Created by @AYBABTM the #BIMandments are added by putting that hashtag in a Tweet.

Here is a partial list of folks worth following on Twitter, to get a headstart (in no particular order): @JayZallan (Duh :-)) @leftyinvalid @TroyGates @davewlight @davidfano @AYBABTM @alnjxn @becausewecan @PhilRead @DesignReform @case_inc @randydeutsch @jvandezande @seandburke @simonwhitbread @Revitspace @scottsh115 @dourevit 26

@virtuarch @JonLanderos @KnowledgeSmart @projectvasari @AutodeskSupport @robincapper @lukeyjohnson @revit3d @brucegow @mdradvies @Steve_Stafford @RevitFactCheck @BIMandments @MattRumbelow @jobcaptain @JasonGrantArch @SteveDeadman @ShaunF1969

@AYBABTM is actually Don Rudder, Director Software Development for CASE Inc. March 2012

RTC is hosting three events this year! RTC AUSTRALASIA Novotel Wollongong NSW, Australia 24 - 26 May 2012

RTC VISDAY Novotel Wollongong NSW, Australia 23 May 2012

RTC NORTH AMERICA Evergreen Marriott Georgia, USA 28 - 30 June 2012

What makes RTC special is not just the opportunity for learning, it's the interaction between you and your peers and fostering your goals and dreams. RTC is an event, a movement for sharing and encouraging your passion. Consider that the most valuable thing people usually take away from their college life are their interactions with great minds (great professors or fellow students) and things apart from class that help define them as people. RTC will recharge your batteries if you are feeling drained. RTC will assure you that you are indeed on the right path. RTC will give you a platform to help reach your goals. RTC will invigorate you and your firm.

RTC is a user event - “by users, for users” • Learn from some of the world's top instructors and industry experts. • Share ideas and insights with an international community of your peers. • Explore the latest trends and technologies • Cultivate important business and professional relationships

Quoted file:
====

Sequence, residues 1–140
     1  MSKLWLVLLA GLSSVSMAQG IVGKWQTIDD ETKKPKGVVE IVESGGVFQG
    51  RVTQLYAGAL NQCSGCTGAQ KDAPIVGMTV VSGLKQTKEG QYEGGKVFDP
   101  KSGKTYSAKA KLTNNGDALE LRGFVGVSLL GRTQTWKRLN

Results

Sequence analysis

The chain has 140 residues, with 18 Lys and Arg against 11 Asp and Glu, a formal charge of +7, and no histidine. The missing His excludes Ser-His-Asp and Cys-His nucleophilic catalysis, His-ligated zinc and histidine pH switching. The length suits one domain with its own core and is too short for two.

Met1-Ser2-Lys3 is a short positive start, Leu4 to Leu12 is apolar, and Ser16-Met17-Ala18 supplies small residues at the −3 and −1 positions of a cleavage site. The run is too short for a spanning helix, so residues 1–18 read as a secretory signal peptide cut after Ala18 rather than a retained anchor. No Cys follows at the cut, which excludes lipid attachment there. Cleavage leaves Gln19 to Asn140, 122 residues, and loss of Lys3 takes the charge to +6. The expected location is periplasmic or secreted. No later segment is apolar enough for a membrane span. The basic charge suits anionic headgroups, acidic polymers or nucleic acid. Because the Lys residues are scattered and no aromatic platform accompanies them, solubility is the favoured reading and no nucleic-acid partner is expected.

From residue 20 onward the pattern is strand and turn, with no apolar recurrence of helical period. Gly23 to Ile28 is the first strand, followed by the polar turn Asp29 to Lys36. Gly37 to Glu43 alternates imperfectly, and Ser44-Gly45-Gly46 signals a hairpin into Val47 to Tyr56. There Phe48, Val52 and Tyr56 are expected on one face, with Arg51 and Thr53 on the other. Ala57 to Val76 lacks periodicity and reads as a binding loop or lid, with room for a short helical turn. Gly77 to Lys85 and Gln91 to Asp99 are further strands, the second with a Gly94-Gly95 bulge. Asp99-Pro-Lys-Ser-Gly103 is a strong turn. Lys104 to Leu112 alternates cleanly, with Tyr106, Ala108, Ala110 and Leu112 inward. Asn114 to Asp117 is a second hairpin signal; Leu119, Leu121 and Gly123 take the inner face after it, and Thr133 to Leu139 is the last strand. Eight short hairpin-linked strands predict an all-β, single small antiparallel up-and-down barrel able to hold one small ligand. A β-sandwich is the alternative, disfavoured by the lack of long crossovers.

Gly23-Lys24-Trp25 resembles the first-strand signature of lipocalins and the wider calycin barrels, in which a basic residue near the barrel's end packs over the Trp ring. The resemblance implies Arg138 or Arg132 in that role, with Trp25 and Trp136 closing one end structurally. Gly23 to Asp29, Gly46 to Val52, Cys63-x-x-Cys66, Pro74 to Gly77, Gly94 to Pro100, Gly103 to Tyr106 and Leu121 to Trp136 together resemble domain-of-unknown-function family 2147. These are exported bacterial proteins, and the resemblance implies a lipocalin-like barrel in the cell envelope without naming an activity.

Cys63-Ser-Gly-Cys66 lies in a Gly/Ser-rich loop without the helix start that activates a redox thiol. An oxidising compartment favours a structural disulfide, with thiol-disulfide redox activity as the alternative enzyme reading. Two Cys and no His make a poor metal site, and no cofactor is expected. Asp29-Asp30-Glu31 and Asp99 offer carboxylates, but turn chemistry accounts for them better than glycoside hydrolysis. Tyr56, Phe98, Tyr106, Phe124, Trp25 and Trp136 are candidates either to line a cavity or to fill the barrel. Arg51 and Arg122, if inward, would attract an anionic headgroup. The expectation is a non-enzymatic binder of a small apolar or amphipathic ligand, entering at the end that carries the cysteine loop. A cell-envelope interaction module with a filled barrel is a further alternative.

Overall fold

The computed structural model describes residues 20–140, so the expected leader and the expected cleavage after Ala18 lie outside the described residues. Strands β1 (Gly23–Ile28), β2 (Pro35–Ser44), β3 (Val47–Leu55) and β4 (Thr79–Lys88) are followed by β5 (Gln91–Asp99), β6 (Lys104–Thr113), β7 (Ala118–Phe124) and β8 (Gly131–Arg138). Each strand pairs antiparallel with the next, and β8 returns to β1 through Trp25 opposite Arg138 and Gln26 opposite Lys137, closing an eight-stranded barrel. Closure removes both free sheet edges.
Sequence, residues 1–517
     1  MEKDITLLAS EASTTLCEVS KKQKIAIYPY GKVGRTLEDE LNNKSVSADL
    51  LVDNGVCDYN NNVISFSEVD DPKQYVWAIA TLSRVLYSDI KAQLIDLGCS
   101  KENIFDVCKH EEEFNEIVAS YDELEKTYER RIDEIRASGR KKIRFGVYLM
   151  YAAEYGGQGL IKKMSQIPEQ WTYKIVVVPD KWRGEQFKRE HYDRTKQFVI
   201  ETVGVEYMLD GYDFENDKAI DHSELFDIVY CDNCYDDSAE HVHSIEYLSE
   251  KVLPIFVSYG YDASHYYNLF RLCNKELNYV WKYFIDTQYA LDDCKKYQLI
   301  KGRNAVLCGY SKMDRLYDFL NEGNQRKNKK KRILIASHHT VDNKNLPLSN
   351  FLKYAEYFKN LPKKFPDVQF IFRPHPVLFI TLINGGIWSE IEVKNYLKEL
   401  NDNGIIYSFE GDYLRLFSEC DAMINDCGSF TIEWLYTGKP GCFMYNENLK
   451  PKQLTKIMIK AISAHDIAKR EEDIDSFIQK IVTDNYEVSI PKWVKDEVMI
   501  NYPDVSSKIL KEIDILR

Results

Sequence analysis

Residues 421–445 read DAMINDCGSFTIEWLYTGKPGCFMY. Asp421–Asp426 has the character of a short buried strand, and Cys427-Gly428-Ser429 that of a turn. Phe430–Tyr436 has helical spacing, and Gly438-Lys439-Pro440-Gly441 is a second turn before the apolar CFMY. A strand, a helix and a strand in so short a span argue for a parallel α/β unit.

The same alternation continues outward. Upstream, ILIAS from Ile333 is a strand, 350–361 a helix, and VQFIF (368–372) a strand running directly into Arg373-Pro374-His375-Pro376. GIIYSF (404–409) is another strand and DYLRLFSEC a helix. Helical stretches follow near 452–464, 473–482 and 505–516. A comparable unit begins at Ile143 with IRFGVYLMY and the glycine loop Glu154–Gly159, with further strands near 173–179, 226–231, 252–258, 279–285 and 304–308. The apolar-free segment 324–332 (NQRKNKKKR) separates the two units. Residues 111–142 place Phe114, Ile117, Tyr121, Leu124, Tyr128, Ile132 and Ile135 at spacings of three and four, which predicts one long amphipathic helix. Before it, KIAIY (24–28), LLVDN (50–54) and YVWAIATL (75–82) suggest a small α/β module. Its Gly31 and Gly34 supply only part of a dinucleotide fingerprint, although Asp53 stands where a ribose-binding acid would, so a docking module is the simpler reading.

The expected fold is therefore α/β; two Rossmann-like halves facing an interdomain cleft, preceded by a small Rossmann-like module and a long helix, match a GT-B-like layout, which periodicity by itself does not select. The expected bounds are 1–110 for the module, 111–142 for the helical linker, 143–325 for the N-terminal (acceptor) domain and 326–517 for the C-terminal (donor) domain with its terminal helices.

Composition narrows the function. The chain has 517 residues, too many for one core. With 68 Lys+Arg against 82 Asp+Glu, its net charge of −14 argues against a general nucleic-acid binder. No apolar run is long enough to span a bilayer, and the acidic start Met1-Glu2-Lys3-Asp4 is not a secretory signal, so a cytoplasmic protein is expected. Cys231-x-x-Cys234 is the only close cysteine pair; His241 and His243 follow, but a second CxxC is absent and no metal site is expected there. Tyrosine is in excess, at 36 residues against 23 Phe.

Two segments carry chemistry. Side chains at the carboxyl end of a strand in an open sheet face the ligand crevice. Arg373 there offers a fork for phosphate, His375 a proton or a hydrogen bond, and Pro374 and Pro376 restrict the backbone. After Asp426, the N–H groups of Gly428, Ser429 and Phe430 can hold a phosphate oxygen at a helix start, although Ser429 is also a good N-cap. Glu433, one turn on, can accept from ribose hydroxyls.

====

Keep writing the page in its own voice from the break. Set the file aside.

Register now to attend!


Background Image:

RTC 2011 Australasia Innovation Winner - Gianni Zandel, Woodhead

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Revit Architecture


Don tells me that the #BIMandments has its own website (officially launching before this article goes to print perhaps). As Don tells it, “This site is already capturing in a MongoDB database tweets hashed as such so they will live forever. Once we launch it, twitter users will be able to vote on their favs.”


OK, so now you know the process to become a Revit Master: Try>Try Again>Try Again Differently>Bounce it off ‘laypeople’>Hunt down the Digital Answer>Ask a Mentor. You now have at your disposal every Revit tip, trick, technique, and workaround known—and as yet unknown. I’ll bet you didn’t think that was possible when you read the first line of this article, did you?

Create a saved Twitter search for #BIMandments

TIP 2D Follow @BIMandments Then read each post from these two places, from the beginning, and your Revit seas will provide smoother sailing. Here are a few examples (actual #BIMandments) illustrating what I believe to be the beauty of ‘140 characters or less’ from #BIMandments… enjoy. The First of the #BIMandments, by “The Creator” Jan 12th, 2012, 2:27 PM •

I don’t normally tweet Revit tips... but I will be posting some Essential Tips that we’ll soon all begin to know as #BIMandments

Other #BIMandments: •

If you find yourself doing a task repetitively, create a keyboard shortcut if one does not exist. Then use it!!!

Thou shall Be proactive not reactive when clash detecting.

Modeling screw threads in thy family will result in a sinful visit from a disrobed Justin Bieber.

Know a lot about creating families? Toss most of it when you start working on adaptive components and conceptual massing tools.

My shameless link sharing: Know Your (Worksharing & Central Model) Rights &

You get the idea now… the Revit community is active, sharing, and giving. Your job is to take advantage and join in, so new users can grow and you can get and give tips.